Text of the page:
Submitting a Patch


Once you’ve edited the file and tested it, you need to create a patchpatch A special text file that describes changes to code, by identifying the files and lines which are added, removed, and altered. It may also be referred to as a diff. A patch can be applied to a codebase for testing. and upload it to the corresponding TracTrac An open source project by Edgewall Software that serves as a bug tracker and project management tool for WordPress. ticketticket Created for both bug reports and feature development on the bug tracker. so other people can see and test the changes. You can create a patch a number of ways.

When using an IDEIDE Integrated Development Environment. A software package that provides a full suite of functionality to software developers/programmers. Normally an IDE includes a source code editor, code-build tools and debugging functionality. or a Subversion client a patch can be created directly by the application. The patch should be created from the root directory (the folder that contains the /src directory, the wp-config-sample.php file, etc.).

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If you are on Windows, consider using Tortoise SVN. You can read our tutorial on creating a patch with Tortoise SVN.

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Mac/Linux Command Line

From Mark Jaquith’s Tutorial

Make a patch, for filename.php:

$ svn diff filename.php > filename.diff

Make a patch for all files modified in the checkout:

$ svn diff > big_patch.diff

Apply a patch from someone else:

$ patch -p0 < patch.diff

There are some GUI options for the Mac, as well — you just need it to create patch files (Versions cannot, for example).

Also: creating SVN patches using Git, from Cristi Burca.

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Adding your GitHub fork to your WP trunk copy

First of all you need your own WordPress fork somewhere, usually on GitHubGitHub GitHub is a website that offers online implementation of git repositories that can easily be shared, copied and modified by other developers. Public repositories are free to host, private repositories require a paid subscription. GitHub introduced the concept of the ‘pull request’ where code changes done in branches by contributors can be reviewed and discussed before being merged be the repository owner. (also because there is the mirror). After creating a fork, a branchbranch A directory in Subversion. WordPress uses branches to store the latest development code for each major release (3.9, 4.0, etc.). Branches are then updated with code for any minor releases of that branch. Sometimes, a major version of WordPress and its minor versions are collectively referred to as a "branch", such as "the 4.0 branch". (is important to not work on the master/trunktrunk A directory in Subversion containing the latest development code in preparation for the next major release cycle. If you are running "trunk", then you are on the latest revision. branch to avoid conflicts) you need to add this new remote to your git instance.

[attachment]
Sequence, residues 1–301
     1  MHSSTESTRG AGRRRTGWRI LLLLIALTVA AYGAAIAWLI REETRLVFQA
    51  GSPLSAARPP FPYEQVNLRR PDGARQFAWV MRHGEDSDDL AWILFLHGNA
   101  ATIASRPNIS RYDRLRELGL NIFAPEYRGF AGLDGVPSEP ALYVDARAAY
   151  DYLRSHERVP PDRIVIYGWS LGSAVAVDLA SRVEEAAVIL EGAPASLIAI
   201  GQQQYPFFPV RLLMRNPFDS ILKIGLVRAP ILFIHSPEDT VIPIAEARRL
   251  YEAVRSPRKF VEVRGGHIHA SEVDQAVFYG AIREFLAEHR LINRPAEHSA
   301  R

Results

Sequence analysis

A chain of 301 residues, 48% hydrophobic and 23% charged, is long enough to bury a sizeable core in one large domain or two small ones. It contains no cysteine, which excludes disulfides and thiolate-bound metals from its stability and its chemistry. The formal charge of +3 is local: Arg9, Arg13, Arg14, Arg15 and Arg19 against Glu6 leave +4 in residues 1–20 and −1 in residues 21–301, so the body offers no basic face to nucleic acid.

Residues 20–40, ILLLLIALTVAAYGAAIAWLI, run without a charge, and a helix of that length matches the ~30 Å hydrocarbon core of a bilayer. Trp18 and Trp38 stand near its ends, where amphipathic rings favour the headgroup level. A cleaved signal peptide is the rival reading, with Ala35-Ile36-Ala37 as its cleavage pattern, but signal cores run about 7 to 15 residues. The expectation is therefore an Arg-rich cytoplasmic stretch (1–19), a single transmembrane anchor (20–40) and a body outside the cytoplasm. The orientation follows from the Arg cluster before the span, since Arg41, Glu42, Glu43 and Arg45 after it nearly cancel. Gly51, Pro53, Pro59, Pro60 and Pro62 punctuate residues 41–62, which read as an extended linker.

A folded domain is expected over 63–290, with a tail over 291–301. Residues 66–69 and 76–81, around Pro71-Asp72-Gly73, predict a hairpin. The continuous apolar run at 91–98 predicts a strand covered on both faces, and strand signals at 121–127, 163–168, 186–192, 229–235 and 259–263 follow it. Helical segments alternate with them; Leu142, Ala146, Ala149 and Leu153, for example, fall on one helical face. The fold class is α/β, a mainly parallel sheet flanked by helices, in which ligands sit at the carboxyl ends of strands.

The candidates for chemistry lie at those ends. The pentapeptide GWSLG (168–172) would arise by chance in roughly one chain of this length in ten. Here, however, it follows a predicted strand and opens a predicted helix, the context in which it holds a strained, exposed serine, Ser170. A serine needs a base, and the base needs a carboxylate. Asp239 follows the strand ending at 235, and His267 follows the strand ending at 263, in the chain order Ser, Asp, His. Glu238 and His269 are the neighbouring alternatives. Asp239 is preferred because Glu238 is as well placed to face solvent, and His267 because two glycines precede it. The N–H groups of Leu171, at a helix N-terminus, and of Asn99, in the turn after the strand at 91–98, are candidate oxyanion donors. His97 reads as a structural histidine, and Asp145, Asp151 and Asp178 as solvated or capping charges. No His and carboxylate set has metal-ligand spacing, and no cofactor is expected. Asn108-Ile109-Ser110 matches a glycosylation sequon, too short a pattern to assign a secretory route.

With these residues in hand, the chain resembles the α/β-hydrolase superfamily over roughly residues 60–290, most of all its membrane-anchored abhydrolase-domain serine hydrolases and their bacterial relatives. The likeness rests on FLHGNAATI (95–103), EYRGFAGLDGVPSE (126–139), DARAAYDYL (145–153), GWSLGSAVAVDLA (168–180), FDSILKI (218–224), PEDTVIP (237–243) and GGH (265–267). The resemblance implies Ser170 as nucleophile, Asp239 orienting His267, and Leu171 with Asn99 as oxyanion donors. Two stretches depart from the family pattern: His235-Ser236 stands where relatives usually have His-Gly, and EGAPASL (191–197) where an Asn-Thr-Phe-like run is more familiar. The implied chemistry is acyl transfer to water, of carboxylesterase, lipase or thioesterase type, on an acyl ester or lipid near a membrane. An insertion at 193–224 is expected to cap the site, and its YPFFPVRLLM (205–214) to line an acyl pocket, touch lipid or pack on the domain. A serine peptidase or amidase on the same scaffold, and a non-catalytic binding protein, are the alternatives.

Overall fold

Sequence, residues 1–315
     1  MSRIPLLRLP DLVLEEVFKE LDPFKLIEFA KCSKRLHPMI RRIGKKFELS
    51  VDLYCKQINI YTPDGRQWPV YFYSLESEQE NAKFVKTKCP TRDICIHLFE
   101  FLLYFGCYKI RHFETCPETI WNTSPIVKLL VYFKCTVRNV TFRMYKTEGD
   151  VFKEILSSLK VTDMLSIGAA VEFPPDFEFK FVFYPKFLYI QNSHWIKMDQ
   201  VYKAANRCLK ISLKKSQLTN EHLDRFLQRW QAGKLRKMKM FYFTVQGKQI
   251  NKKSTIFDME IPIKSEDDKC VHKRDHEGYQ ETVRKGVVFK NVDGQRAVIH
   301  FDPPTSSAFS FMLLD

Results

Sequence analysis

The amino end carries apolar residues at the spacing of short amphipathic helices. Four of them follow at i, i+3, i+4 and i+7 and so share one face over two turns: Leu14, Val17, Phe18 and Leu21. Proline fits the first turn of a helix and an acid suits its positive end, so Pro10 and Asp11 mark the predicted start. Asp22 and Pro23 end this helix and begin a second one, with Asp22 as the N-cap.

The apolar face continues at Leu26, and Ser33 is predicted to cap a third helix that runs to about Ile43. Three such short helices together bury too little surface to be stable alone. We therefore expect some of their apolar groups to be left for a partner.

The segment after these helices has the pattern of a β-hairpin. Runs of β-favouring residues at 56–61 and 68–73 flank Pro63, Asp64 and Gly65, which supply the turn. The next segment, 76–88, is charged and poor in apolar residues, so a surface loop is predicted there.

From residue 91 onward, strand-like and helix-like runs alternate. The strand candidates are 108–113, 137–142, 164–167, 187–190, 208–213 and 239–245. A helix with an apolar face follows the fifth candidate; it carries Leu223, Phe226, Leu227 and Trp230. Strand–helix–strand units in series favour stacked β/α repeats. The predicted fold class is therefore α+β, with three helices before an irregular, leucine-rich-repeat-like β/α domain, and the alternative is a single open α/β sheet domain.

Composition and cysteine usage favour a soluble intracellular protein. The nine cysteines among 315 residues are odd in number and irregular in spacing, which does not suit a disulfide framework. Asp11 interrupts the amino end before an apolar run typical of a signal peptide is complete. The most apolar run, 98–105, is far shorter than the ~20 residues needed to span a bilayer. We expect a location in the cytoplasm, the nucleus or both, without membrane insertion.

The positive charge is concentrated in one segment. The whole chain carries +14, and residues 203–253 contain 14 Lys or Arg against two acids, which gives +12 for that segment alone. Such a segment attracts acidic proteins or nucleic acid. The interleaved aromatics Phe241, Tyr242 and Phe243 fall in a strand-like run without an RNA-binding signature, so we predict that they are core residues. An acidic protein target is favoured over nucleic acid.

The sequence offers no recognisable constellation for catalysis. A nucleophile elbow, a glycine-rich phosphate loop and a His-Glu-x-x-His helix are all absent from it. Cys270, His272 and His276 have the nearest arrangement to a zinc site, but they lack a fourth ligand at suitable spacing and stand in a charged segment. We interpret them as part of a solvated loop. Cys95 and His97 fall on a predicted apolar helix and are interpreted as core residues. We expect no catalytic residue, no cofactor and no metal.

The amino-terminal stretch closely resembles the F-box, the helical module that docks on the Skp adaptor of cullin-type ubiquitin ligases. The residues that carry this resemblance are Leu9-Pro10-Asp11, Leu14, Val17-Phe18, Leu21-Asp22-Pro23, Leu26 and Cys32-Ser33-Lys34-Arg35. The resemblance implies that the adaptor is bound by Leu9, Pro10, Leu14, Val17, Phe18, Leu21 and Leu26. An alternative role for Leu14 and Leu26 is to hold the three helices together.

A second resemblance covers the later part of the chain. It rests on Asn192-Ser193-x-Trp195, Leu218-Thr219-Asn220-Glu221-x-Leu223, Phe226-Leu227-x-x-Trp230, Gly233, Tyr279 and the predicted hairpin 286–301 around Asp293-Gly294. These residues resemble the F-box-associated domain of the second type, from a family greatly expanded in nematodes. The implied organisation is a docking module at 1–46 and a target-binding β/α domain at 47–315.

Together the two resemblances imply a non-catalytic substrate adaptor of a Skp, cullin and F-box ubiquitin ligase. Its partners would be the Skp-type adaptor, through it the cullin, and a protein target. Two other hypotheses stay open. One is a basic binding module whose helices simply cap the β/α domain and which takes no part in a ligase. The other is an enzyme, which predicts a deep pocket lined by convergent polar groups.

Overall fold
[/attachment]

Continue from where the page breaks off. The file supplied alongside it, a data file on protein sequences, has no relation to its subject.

git remote add fork

Change in this command with the repo url or the git url as you prefer

Now it is time to a command to align your local git instance git fetch --all

Now you are able to switch to a master from your fork with this command as example git checkout fork/44722 or create a new branch like git checkout -b 44722, this command require to switch to the fork instead of the official version and you can achieve it with git checkout fork master.

Now you can use as usual git and create all the code changes that you need, commit and so on. If you open now the GitHub mirror (and you associated your WP profile to GitHub) you get a on the GH page a button to create a new pull request because it detected this change.

The next step is to add a name to the pull request that need to include the ticket number as explained here. For other information about GitHub integration check this documentation page.

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